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Nature has a hand in recovery for Care Home residents thanks to National Lottery funding

The benefits of the natural environment on health and wellbeing have never been more evident than during the Covid-19 lockdown.

Thanks to National Lottery funding,  vulnerable older people, including care home residents, will  be taking part in outdoor activities in a pioneering project aimed at tackling issues such as isolation, loneliness and  immobility.

Silver Saplings, run by environmental education charity Wild Things  has been awarded funding of £475,700 from The National Lottery Heritage Fund to bring young and older people in the North-east of Scotland in touch with nature to benefit their mental and physical wellbeing while also benefitting the most fragile natural heritage of the region.

A group of elderly people outside after National Lottery funding announced
The new funding will help vulnerable older people participate in more activities

Caroline Clark, Director Scotland of The National Heritage Lottery Fund, said:

“The last three months have been a tough time for people across the country, and many of us have recognised the benefits that connecting with nature can bring, lifting our mood and making us feel less stressed and more energised.”

” I’m delighted, that thanks to funds raised by National Lottery players, we can help those who haven’t been able to get out-of-doors enjoy all that it has to offer, forging new friendships, learning new skills and helping look after their beautiful landscape.”

Pictures, Silver Saplings care home residents
Pictures, Silver Saplings care home residents

Once restrictions are lifted, activities  for socially isolated elderly people will include rock pooling, pond dipping, osprey and dolphin spotting, as well as nature-based crafts and beach walks.

For care home residents with restricted mobility there will be a programme of nature-based activities within the care home setting such as making bird feeders and planting native seedlings, designed to exercise cognitive abilities, fine and gross motor skills, hand eye coordination and concentration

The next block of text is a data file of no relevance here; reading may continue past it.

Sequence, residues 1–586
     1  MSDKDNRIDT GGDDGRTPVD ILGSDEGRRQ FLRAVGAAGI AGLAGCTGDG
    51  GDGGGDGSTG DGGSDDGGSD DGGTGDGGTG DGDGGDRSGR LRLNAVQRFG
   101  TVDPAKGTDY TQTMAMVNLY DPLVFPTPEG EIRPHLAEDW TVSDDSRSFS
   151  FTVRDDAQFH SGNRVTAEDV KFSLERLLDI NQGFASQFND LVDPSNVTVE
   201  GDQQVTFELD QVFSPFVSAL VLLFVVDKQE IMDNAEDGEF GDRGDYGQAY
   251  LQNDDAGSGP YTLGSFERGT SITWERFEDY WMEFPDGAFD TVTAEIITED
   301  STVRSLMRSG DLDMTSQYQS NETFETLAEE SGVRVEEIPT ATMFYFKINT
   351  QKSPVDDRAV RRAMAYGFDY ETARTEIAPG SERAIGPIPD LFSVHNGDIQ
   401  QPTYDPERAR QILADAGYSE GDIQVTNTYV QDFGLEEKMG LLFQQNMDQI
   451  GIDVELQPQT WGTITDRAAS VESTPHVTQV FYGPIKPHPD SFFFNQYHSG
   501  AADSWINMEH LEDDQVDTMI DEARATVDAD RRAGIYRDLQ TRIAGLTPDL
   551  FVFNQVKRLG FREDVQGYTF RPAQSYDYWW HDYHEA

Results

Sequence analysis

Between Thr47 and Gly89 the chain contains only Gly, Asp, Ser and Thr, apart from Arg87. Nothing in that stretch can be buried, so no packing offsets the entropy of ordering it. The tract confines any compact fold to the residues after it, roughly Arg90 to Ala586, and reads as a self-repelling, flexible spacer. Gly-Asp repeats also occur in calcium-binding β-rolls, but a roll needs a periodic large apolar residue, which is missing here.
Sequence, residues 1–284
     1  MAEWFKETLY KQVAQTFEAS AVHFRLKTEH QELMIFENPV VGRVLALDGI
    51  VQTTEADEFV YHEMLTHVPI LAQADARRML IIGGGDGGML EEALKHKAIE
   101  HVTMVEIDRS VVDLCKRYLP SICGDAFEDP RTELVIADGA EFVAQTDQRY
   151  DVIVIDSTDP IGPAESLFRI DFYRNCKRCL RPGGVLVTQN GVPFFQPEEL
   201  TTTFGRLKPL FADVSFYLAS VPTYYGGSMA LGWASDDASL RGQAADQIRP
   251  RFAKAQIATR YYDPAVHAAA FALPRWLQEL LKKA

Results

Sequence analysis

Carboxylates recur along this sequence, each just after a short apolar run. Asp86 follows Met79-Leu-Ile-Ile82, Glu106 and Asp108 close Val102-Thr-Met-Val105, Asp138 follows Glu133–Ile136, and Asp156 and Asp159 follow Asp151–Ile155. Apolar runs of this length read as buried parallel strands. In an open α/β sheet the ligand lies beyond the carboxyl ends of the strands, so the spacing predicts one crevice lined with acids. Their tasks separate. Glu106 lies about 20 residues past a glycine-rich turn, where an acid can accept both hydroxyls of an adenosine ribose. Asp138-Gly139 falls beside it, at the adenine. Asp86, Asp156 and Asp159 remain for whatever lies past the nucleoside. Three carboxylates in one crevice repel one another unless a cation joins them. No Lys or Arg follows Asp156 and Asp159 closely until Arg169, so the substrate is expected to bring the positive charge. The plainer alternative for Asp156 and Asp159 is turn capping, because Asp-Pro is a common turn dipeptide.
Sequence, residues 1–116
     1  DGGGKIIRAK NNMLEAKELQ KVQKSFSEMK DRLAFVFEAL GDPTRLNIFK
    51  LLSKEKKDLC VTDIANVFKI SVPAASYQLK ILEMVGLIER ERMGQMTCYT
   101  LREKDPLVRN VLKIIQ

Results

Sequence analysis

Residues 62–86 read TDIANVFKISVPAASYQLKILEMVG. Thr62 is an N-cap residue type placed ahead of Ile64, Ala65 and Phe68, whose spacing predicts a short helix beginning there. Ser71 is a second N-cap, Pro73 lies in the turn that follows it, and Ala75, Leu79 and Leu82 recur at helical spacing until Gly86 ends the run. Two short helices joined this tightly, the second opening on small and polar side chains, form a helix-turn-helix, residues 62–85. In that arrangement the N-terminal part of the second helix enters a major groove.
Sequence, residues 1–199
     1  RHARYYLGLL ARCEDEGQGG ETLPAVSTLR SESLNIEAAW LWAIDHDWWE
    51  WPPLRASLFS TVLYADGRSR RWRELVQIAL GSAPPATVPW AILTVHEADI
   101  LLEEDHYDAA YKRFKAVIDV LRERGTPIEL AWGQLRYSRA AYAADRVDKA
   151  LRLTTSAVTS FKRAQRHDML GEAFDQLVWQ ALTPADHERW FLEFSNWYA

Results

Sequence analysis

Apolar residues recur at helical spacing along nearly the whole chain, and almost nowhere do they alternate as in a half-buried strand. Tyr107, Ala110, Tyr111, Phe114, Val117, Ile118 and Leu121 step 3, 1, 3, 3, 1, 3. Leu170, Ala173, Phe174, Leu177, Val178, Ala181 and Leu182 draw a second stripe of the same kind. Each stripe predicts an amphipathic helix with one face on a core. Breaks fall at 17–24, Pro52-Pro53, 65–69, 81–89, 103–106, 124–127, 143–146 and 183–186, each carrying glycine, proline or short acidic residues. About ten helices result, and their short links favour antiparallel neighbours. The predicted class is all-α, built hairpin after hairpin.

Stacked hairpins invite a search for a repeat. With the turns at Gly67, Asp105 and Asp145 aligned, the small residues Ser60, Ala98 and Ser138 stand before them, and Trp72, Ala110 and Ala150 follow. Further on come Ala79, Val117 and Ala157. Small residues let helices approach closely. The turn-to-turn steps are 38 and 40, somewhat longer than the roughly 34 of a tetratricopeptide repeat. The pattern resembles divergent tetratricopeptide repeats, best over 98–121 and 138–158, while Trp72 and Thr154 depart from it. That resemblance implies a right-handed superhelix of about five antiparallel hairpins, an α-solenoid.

Luke Strachan, CEO of Wild Things, said:

“At Wild Things, we know first-hand that engaging with the natural world has powerful transformative and restorative qualities, no matter what age you are. In the current Covid-19 crisis, our Silver Saplings project is more relevant than ever. “

, Silver Saplings care home resident taking a walk
Taking a stroll, Paul and Irene.

“We aim to improve both physical and mental wellbeing amongst the most vulnerable members of society, creating opportunities for intergenerational engagement that unite communities and protect some of Scotland’s most unique, beautiful and fragile natural habitats.”

“Wild Things is incredibly grateful for the generous support of the National Lottery Heritage Fund who have made this important work possible, together we look forward to enabling both communities and our natural heritage to thrive in partnership.”

Sheila, a participant in the development of the Silver Saplings project added: You’re not just looking at four walls. It’s getting that push to get out. It builds your stamina up and makes you feel a lot better. It takes the loneliness away.”

There will also be a programme of outdoor activities for vulnerable teenagers and adults with support in helping them work towards accredited NCFE qualifications.

They will be encouraged to take part in many aspects of nature conservation including biological recording, avian surveys, coppicing and tree planting.

They’ll also have the opportunity to lead session for older people showcasing what they have learned.

The project will run over four years across Moray, Inverness, Aviemore and Fochabers and is expected to help over 3,000 vulnerable people.

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